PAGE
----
ARCHIVED: What is Server Message Block (SMB)?

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Server Message Block (SMB) is the Internet standard protocol Windows uses to share files, printers, and serial ports. In a networked environment, servers make file systems and resources available to clients. Clients make SMB requests for resources, and servers make SMB responses in what's described as a client server, request-response protocol.

The SMB protocol can be used over the Internet on top of its TCP/IP protocol or on top of other network protocols. Using the SMB protocol, an application (or the user of an application) can access files at a remote server, as well as other resources, including printers. Thus, a client application can read, create, and update files on the remote server. It can also communicate with any server program that is set up to receive an SMB client request.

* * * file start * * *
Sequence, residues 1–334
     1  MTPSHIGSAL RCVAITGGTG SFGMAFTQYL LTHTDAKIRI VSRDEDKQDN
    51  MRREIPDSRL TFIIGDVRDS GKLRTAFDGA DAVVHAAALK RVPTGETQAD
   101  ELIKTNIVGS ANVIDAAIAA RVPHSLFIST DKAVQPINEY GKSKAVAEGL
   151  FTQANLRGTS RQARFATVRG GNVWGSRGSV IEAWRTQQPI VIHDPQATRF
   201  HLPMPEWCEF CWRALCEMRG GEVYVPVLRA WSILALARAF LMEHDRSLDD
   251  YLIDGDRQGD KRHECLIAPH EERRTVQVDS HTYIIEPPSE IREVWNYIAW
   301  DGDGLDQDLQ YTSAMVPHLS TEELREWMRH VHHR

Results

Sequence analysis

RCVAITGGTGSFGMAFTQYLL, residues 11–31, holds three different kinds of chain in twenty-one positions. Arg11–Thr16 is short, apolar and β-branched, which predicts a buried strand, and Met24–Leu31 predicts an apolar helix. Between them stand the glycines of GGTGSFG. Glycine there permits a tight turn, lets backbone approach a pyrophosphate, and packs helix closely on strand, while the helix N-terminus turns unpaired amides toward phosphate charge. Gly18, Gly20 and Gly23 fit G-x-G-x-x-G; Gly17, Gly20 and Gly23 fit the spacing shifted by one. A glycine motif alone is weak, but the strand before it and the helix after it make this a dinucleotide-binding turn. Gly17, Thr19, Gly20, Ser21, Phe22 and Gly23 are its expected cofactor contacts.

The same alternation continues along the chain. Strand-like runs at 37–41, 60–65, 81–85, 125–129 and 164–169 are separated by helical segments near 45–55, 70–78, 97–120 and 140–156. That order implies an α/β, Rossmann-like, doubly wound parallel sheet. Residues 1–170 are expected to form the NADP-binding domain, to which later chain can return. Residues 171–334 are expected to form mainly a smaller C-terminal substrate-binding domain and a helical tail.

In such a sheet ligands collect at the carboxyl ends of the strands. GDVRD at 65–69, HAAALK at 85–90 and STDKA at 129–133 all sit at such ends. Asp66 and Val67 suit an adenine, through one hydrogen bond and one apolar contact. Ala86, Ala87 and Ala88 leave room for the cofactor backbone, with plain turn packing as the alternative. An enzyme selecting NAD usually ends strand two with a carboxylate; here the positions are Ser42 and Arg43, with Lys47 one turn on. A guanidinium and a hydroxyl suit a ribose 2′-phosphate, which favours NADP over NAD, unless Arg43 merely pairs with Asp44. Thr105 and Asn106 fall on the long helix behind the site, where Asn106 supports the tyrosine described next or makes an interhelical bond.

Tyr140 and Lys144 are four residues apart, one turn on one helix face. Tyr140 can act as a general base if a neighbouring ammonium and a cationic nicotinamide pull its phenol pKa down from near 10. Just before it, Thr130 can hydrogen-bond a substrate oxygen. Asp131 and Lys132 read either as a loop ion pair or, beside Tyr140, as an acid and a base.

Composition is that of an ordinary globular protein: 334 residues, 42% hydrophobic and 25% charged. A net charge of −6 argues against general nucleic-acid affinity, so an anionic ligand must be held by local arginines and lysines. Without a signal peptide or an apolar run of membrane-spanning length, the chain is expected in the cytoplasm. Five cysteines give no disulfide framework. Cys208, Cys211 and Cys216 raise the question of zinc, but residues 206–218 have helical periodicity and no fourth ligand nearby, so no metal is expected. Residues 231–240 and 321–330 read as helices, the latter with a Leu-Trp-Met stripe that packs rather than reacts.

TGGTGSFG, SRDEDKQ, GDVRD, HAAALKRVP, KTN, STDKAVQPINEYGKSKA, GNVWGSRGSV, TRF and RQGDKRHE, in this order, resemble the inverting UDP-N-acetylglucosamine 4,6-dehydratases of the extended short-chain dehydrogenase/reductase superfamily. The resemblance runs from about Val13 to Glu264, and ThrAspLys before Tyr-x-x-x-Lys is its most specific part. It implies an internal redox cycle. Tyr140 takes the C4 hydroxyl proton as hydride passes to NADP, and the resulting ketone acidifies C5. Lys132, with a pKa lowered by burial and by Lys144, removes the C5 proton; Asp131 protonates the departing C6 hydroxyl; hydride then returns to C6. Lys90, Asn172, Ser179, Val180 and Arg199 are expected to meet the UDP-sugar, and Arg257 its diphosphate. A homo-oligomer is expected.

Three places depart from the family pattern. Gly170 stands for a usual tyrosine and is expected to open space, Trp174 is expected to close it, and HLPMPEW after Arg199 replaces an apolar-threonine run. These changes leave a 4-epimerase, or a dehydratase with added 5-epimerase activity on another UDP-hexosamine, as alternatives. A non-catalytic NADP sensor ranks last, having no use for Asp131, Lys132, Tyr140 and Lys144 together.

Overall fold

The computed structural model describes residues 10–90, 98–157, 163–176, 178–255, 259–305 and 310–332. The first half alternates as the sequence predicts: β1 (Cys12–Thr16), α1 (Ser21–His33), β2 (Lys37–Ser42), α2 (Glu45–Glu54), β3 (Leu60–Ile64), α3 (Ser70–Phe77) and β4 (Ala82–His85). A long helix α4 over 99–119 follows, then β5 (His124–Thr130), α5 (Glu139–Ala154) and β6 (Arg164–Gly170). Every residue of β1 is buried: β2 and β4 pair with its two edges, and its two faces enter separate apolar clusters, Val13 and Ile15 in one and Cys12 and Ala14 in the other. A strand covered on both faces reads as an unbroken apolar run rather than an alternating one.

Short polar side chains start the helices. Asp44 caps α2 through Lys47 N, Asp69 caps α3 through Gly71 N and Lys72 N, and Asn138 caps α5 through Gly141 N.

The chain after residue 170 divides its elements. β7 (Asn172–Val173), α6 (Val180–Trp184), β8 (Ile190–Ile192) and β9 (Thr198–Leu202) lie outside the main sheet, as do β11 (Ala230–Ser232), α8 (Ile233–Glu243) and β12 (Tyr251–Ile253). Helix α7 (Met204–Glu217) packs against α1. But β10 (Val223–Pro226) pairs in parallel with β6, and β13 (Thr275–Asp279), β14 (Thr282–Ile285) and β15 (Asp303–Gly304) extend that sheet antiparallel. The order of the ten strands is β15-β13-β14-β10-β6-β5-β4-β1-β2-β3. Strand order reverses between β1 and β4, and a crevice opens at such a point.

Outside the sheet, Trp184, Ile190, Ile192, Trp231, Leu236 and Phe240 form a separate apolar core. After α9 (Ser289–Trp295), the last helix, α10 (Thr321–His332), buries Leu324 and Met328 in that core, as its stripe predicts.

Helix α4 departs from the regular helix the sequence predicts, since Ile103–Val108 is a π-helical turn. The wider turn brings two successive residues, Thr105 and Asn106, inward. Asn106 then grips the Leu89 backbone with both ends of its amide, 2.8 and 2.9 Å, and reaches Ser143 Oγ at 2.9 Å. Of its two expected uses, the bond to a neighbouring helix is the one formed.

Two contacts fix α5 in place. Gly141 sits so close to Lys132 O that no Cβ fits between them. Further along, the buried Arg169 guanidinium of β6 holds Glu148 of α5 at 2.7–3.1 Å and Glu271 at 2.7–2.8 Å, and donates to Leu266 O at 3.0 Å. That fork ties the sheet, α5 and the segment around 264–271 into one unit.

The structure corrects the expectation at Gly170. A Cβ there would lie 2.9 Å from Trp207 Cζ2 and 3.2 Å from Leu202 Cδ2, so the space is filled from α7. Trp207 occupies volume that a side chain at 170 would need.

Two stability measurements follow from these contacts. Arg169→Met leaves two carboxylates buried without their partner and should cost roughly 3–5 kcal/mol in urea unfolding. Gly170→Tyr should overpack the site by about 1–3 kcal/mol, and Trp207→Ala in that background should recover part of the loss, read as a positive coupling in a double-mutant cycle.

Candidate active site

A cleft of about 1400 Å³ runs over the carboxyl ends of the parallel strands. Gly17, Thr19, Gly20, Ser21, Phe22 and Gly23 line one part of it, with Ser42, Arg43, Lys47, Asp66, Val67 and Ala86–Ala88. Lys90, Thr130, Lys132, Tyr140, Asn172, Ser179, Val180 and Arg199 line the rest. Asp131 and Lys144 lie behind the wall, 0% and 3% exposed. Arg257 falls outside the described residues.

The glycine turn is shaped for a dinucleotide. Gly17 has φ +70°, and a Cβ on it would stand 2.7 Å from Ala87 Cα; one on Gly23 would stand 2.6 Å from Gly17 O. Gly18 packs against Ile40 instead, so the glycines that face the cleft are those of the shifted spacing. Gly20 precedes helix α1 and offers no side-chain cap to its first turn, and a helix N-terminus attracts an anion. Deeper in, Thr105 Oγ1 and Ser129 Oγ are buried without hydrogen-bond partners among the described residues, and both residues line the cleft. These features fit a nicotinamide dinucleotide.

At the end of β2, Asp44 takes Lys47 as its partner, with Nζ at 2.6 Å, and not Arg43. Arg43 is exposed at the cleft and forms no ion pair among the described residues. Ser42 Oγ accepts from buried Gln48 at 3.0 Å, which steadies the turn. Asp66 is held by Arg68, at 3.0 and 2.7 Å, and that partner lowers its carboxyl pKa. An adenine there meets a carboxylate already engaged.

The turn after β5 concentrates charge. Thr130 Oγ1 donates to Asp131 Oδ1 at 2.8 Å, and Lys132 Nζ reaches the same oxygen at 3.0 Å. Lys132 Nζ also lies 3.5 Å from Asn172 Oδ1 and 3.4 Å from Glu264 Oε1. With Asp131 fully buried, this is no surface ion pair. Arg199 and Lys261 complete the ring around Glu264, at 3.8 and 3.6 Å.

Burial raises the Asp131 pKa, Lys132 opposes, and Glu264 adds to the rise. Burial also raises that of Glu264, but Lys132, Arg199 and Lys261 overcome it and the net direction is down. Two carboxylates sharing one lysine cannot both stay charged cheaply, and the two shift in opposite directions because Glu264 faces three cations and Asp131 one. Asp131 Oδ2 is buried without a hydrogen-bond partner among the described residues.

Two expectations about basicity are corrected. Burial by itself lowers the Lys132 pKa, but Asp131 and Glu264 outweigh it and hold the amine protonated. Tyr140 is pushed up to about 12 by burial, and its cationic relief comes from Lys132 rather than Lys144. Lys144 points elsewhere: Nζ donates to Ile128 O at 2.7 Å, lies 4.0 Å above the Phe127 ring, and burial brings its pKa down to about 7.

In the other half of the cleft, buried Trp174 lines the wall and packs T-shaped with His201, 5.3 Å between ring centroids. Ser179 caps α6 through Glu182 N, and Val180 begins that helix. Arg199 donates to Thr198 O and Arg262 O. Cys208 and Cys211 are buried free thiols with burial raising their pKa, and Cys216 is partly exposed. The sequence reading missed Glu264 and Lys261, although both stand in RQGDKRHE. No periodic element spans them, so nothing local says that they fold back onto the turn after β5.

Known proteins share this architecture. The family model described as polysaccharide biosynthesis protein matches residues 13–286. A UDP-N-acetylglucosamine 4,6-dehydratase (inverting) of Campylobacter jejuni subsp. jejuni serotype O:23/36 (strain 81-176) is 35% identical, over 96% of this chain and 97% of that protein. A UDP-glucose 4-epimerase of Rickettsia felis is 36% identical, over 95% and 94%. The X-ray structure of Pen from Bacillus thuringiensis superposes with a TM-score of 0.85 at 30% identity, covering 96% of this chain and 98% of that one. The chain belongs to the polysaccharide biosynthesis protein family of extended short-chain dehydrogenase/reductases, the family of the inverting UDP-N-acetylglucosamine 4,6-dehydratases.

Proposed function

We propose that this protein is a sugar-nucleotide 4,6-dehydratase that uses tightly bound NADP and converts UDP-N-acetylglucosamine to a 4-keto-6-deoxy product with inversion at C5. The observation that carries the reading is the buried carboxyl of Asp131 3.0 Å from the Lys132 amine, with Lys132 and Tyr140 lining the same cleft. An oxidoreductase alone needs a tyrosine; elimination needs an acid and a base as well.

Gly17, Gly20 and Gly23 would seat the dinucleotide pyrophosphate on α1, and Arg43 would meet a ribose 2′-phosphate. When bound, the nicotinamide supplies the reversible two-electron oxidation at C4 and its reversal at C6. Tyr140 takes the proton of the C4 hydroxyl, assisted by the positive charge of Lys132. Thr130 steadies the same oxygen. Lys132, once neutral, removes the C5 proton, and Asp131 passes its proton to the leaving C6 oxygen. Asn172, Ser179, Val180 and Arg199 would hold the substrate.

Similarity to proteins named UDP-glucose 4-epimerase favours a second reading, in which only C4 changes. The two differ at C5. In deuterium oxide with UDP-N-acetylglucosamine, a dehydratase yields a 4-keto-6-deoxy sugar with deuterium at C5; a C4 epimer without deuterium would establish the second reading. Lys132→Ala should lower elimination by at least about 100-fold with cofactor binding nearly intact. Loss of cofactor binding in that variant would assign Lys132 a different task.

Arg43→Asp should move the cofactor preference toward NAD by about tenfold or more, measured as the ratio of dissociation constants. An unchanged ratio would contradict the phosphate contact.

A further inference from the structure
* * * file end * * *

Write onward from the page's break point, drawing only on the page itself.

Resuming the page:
Microsoft Windows operating systems since Windows 95 include client and server SMB protocol support. For Unix type systems, like Linux and Mac OS X, an open source application called Samba is available which, when installed and properly configured, allows SMB interoperability between those operating systems and Windows.

This information was adapted from Microsoft TechNet and Whatis.com.

This is document atue in the Knowledge Base.
Last modified on 2018-01-18 15:42:37.

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